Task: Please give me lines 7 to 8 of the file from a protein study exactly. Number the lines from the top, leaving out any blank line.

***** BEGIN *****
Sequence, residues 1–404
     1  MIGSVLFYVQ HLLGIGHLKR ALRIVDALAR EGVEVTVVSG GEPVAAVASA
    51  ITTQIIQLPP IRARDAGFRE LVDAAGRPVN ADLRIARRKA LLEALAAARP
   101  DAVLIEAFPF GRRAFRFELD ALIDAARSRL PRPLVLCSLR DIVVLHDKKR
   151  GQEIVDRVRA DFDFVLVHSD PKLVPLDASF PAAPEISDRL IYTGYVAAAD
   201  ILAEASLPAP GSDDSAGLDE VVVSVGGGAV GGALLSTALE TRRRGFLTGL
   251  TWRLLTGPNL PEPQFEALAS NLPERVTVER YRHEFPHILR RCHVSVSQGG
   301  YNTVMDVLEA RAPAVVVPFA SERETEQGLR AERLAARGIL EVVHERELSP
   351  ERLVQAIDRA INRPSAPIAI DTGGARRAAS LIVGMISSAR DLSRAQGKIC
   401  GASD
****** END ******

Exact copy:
   251  TWRLLTGPNL PEPQFEALAS NLPERVTVER YRHEFPHILR RCHVSVSQGG
   301  YNTVMDVLEA RAPAVVVPFA SERETEQGLR AERLAARGIL EVVHERELSP